[Vm-dev] Cog: A question about: setInterruptCheckChain()

Nicolas Cellier nicolas.cellier.aka.nice at gmail.com
Thu Sep 30 08:54:34 UTC 2010

2010/9/30 Andreas Raab <andreas.raab at gmx.de>:
> On 9/29/2010 6:48 PM, Igor Stasenko wrote:
>> On 30 September 2010 04:30, Andreas Raab<andreas.raab at gmx.de>  wrote:
>>> See, in my experience that claim is simply wrong. How can you say that
>>> (for
>>> example) a little test program like the one that I just wrote to
>>> experiment
>>> with a Windows function would be faster to write using the FFI?
>>> ------------------------------ CredTest.cpp ----------------------------
>>> // CredTest.cpp : Defines the entry point for the console application.
>>> //
>>> #include "stdafx.h"
>>> #include<Windows.h>
>>> #include<wincred.h>
>>> LPTSTR readCredential(LPTSTR targetName) {
>>>        CREDENTIAL *cred;
>>>        if(CredRead(targetName, CRED_TYPE_GENERIC, 0,&cred)) {
>>>                LPTSTR result = (LPTSTR)
>>> calloc(cred->CredentialBlobSize+1,
>>> sizeof(TCHAR));
>>>                memcpy(result, cred->CredentialBlob,
>>> cred->CredentialBlobSize);
>>>                return result;
>>>        }
>>>        printf("CredRead failed: %d\n", GetLastError());
>>>        return NULL;
>>> }
>>> int _tmain(int argc, _TCHAR* argv[])
>>> {
>>>        LPTSTR credential = readCredential(L"TERMSRV/devmsapps01");
>>>        printf("Credential: %s\n", credential);
>>>        return 0;
>>> }
>>> ----------------------------------------------------------------------
>>> You can imagine that it took me some ten minutes or so (incl. firing up
>>> Visual Studio, creating a new project etc) to write this. Now do that in
>>> Squeak and keep in mind how much of your time you're wasting in the
>>> overhead
>>> of declaring the types, functions, defines. That's why I'm saying that
>>> unless you can get the equivalent of #include<windows.h>  you're not even
>>> in
>>> the same ballpark.
>> Wait, in the above you forgot to show me the glue code which exposing
>> this function
>> via some primitive. And you forgot to write the list of steps (in
>> addition to opening Visual studio),
>> how you rebuilding VM using VMMaker , compiling and linking, and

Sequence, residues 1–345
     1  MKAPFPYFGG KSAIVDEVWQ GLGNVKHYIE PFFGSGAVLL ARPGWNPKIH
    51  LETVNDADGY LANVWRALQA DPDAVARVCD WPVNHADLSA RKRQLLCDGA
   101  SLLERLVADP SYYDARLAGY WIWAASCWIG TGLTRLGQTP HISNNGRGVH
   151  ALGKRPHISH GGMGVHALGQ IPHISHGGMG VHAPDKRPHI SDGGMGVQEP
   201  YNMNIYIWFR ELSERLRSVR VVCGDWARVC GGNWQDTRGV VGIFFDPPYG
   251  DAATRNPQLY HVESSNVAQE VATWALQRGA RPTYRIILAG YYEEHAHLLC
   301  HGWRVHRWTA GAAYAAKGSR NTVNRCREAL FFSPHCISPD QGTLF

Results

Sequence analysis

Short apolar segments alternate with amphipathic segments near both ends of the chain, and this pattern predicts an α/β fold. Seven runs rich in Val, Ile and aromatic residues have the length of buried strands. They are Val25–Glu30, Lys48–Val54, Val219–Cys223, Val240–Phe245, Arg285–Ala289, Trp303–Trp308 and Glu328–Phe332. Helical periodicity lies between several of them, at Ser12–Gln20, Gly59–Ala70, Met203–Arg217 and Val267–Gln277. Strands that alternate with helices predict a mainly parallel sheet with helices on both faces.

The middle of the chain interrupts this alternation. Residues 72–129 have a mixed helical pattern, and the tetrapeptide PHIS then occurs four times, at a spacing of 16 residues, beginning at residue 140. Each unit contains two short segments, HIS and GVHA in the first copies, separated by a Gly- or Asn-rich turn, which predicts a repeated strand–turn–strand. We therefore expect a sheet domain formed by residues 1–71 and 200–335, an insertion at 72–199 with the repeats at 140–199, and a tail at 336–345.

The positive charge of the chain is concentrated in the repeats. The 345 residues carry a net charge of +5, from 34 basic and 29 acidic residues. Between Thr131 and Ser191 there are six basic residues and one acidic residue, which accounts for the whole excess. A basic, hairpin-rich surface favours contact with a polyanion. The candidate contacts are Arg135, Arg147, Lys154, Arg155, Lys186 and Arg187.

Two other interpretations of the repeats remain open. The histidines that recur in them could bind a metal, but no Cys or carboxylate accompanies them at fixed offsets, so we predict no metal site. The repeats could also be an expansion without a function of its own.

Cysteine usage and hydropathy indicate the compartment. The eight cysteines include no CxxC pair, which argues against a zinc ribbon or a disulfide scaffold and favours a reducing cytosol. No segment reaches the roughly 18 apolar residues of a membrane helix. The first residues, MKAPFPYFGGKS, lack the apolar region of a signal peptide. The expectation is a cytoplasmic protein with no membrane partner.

>> finally deploying VM with new plugin,
>> and then telling others that they can download new version of VM, so
>> they could try your new stuff.
>> Now i doubt if you do that, it will take ten minutes or so.
> But now you're complaining about the integration APIs (with which I agree).
> But there is stuff we can do to make this easier, *much* easier. If you've
> ever looked at how Python deals with this stuff you'll get an idea about how
> easy that can be - no slang, no VMMaker, no build files other than what is
> already in Visual Studio. In effect, we should be providing a squeak.h and a
> squeak.lib and the primitives should look like this:
> #include <windows.h>
> #include <wincred.h>
> #include "squeak.h"
> /* Read a credential from the Windows credential store */
> OOP primitiveCredRead(VM *vm, OOP rcvr, OOP args) {
>        Credentials *cred;
>        char *target;
>        vm->parseArgs(1, "%s", &target);
>        if(!CredRead(targetName, CRED_TYPE_GENERIC, 0,&cred)) return
> vm->fail();
>        return vm->stringWithLength(cred->CredentialBlobSize+1,
> cred->CredentialBlob);
> }
> Voila, done.
>>>> <sarcasm>
>>>> Why Croquet using FFI for OpenGL binding, why not writing a plugin? It
>>>> would be much more 'stable'
>>>> and 'robust' and secure.
>>>> </sarcasm>
>>> Only one reason: The poor integration APIs. I couldn't figure out how to
>>> generate proper plugin glue (and later I had lost the source for
>>> generating
>>> this stufF). And we *paid* for it. Weeks and weeks of obscure crash
>>> reports
>>> that we couldn't figure out until *finally* we realized that when using
>>> client state operations a GC may occur if the rendering is interrupted
>>> "just
>>> so". We fixed this by (guess what) moving these operations into a plugin.
>> No objections here. Shit happens. And its really don't matters where:
>> either in language/FFI or in C. You still have to fix that.
> It's not so much that shit happens but rather that your sarcastic comment is
> *completely* wrong and (I think) goes to show how little exposure to the
> resulting problems you (and pretty much everybody else arguing for that kind
> of stuff) really have.
> Cheers,
>  - Andreas

Agree with some of your arguments, but certainly not the last one: you
can't presume of everybody else experience.

>From my personnal experience, in the restricted case of simple types
and no #include hell, my productivity did boost in VW with DLLCC
compared to writing user primitives. Simply because I didn't have to
deal with any C code at all...
This may vary with applications for sure.


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